Hospitals, health departments, long-term care facilities must share information
WEDNESDAY, Aug. 5, 2015 (HealthDay News) — Almost $8 billion in hospital bills could be avoided over five years by halting the spread of antibiotic-resistant bacteria, according to the Vital Signs report published Aug. 4 in the U.S. Centers for Disease Control and Prevention’s Morbidity and Mortality Weekly Report.
As many as 37,000 lives could be saved, and 619,000 new infections prevented, if community health departments and health care facilities form tight support networks to quickly identify and address emerging outbreaks of antibiotic-resistant bacteria, report author John Jernigan, M.D., director of the Office of Health Care-Associated Infection Prevention Research and Evaluation at the CDC, told HealthDay.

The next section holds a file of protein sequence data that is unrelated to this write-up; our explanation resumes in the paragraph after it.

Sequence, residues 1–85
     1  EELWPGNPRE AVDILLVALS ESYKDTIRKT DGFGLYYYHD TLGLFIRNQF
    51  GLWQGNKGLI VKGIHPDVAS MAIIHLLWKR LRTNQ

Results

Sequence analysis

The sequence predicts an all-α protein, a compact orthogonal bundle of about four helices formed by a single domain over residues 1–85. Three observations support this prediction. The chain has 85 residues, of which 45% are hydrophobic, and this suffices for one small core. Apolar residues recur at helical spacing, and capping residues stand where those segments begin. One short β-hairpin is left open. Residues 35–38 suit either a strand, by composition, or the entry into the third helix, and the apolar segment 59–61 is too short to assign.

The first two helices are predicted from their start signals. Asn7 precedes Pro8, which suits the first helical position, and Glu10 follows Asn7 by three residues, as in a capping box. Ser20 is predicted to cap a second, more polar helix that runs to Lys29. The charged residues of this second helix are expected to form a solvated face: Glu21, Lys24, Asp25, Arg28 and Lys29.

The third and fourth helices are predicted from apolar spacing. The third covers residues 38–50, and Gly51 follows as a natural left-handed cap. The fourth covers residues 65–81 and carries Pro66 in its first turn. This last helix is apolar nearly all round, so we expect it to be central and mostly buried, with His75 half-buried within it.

“Over the next five years, unless we implement nationwide improvements in infection control and antibiotic prescribing, if no action is taken, these infections will continue to increase,” Jernigan said. “Antimicrobial resistance problems in one hospital can affect what happens in another hospital when they share patients. Even if one facility is following recommended infection control practices, that doesn’t protect them from patients bringing antimicrobial-resistant germs into their facility from other hospitals or nursing homes.”
The CDC has included $264 million in its budget for the 2016 fiscal year to strengthen surveillance efforts and promote better collaboration among health care facilities, Jernigan said. The agency’s Antibiotic Resistance Solutions Initiative is expected to reduce infections of carbapenem-resistant Enterobacteriaceae, methicillin-resistant Staphylococcus aureus, and Clostridium difficile by half or more if successfully implemented, officials said.
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